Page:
The study findings illustrate that social media sites continue to be on the rise in popularity, and it indicates how older traditional online communication tools like email become less attractive. When 88% have a Facebook account, it is not surprising that they are not swappping to Outlook anymore when communicating with each other, not matter if business or private. And it seems that this will have the same effect on the hardware and devices they want to use. Maybe we just need a separate login on our computers in the future? What is your view on this development…?

Hyperspecialization – The future of work 3.0?

All people engaging in the Social Web are eager to pull, push and share all kinds of specializing topics in different areas of thoughts, interests and visions. In some way these people define a new development where the work of generalists is being cut into workload of networks of narrow experts or specialists. At least, Tom Malone, professor at the MIT Sloan School of Management and author of the Harvard Business Review article “The Age of Hyperspecialization,” sees this trend and explains in an HBR video why breaking jobs into tiny pieces yields better, faster, and cheaper work.

Malone sees the key “trend” behind this movement in “cheap communication technology” brought to us all over the world – more or less instantly and costlessly. Having said that, Malone’s illustration of scambled eggs being made ready to eat via the locations, Boston, China, Moscow, Paris and Singapore shows the limitation in the theory. For “brain workers”, it definitely makes sense and is a valid and applicable theory. Managers need to figure out how to break up traditional single job descriptions into pieces of hyperspecialist work and maybe rearrange their business processes if they want to make use of hyperspecialization.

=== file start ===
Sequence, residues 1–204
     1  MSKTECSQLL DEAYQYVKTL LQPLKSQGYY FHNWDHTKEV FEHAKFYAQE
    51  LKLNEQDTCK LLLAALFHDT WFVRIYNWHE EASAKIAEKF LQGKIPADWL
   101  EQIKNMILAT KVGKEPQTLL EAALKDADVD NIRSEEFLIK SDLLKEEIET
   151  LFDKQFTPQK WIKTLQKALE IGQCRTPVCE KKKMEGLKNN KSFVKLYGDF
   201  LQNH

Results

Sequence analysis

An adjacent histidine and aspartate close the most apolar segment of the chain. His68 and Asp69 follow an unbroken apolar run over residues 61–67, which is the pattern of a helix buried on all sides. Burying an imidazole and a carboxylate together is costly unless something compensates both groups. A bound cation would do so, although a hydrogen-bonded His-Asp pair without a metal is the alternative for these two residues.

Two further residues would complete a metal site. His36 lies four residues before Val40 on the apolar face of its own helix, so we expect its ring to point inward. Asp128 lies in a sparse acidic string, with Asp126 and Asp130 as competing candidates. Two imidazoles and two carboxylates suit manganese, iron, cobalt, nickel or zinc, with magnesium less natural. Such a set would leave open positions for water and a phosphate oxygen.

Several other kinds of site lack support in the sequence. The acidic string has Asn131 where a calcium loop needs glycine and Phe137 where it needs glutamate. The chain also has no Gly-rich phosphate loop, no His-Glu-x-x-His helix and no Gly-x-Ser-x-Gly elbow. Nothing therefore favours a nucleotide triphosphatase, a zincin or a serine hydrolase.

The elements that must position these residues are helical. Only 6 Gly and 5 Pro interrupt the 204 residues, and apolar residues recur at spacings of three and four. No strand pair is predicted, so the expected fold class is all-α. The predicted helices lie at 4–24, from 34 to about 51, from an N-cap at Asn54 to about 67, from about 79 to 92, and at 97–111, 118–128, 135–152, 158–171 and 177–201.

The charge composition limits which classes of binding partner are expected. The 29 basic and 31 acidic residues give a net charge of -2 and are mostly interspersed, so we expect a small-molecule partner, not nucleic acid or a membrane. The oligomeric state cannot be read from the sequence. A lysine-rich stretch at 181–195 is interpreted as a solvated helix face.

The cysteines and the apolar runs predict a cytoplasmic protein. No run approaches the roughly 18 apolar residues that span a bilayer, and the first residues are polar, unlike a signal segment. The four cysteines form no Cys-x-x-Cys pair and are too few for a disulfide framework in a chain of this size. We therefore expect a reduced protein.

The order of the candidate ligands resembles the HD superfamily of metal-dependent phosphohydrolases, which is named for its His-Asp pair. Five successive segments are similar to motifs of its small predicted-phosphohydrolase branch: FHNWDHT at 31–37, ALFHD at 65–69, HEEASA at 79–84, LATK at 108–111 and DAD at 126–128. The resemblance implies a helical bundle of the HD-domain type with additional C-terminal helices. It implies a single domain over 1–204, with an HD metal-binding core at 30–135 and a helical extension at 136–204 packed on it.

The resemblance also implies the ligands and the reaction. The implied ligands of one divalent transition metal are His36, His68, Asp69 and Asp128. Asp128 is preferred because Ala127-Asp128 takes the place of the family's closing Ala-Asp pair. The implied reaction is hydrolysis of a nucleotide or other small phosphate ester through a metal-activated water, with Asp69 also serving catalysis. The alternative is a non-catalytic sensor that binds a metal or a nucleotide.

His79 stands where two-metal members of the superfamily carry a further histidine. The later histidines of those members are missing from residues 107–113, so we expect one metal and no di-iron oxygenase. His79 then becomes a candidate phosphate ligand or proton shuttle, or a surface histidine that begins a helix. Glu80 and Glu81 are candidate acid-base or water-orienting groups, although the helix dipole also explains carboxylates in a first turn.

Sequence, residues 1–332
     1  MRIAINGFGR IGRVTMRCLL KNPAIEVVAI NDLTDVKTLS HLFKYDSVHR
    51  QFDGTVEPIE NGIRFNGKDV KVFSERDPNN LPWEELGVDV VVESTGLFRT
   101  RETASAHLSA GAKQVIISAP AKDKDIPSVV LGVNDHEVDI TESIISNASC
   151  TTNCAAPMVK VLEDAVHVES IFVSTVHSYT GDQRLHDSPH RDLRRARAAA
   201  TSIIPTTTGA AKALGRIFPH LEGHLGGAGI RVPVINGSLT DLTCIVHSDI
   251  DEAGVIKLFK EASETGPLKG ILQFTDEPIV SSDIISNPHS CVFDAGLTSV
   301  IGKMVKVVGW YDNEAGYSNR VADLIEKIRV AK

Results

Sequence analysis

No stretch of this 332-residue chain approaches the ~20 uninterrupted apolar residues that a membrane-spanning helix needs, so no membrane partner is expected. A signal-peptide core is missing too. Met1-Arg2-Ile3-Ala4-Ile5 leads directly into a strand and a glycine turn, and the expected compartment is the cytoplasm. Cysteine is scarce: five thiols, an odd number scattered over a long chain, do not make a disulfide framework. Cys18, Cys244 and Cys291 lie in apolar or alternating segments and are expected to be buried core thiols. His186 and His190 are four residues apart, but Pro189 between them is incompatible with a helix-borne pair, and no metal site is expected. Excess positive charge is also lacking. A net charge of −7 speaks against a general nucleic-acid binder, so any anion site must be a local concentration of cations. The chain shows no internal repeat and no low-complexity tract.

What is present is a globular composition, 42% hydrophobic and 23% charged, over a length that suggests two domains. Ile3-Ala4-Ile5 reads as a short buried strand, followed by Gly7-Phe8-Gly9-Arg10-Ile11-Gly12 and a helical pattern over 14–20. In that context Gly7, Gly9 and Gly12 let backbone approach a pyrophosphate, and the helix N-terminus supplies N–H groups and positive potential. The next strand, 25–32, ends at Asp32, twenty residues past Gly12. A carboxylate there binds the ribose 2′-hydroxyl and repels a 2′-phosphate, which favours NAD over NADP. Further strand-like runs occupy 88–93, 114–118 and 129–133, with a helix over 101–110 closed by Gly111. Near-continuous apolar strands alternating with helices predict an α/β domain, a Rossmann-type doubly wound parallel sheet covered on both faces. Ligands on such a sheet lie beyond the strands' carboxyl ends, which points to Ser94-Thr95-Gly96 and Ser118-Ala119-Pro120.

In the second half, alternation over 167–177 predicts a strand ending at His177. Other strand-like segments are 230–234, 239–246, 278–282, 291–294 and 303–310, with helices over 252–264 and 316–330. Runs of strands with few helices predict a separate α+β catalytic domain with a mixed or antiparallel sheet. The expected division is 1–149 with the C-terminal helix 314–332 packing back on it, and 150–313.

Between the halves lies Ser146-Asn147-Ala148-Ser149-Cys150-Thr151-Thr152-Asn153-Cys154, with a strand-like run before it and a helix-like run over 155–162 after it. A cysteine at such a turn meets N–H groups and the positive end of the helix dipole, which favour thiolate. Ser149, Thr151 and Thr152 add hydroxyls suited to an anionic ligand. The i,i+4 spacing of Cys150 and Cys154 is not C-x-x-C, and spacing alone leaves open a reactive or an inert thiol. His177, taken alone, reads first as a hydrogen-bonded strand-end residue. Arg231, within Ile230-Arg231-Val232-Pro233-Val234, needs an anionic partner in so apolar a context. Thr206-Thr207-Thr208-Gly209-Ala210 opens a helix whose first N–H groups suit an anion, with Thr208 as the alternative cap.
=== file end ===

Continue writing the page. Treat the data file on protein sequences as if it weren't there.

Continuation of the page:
What I definitely see is greater flexibility for employees in this movement. The development offers also some massive opportunity for freelancers being integrated into different projects. Thus, I would ask, whether the work of employees, sitting in office, could not easily be outsourced to even more specialized freelancers. Or if it will be more difficult to coordinate these specialists? Or would this be the work of a hyperspecialist again?

Is this really a new trend? Is this the normal evolution of worklife and business? Is this another step towards workplace 3.0, the mobile workplace? How do you see that…?

Study: C-level executives still unsure how to leverage Social Media for business growth

It seems to be a love and hate relationship: Executives and Social Media. On the one hand, companies see how critical a social business strategy is for their business. On the other, they still don’t know how to harness the value of the new modern media landscape and the feedback channel online world. This is the insight we get from a survey of C-level executives conducted by Harris Interactive for Capgemini.

The findings, which are part of Capgemini’s Executive Outsourcing Survey, were published with their launch of the social media management service. The survey asked 302 senior executives at Fortune 1000 companies.

The question where to position Social Media inside the company seems to be omnipresent: Marketing? Customer Service? Corporate Communications? Or really change the company to become a social business operation? Does someone have a crystal ball? More than half say that Social Media is a part of their company’s customer care operations. However, 64% of those responded that it is a pure responsibility of their social media marketing department.

Surprisingly enough, 74% executives stated in the study they were not even sure how many employees are dedicated to customer care via the Social Web activities of the company. The value of Social Media can be seen by 57% of responding executives who think that it is “inviting customer input on product and services, lead generation, responding to complaints, internal reporting, and measuring customer satisfaction.”

And it is best to forget the 13% who still believe that Social Media is not important for future success of the company.

Spot On!
The attitude from executives towards Social Media also describes the fact that less than half of executives (41%) are monitoring online conversations about their brand, product and/or services. They only respond to an online conversation when a customer poses a direct question, representing a significant missed opportunity for companies to proactively solicit feedback and enhance the customer experience. The ooportunity to engage with the customer is there but executives (and probably their management teams) need to embrace the opportunity and change their business into a social business strategy and align it with their web strategy team.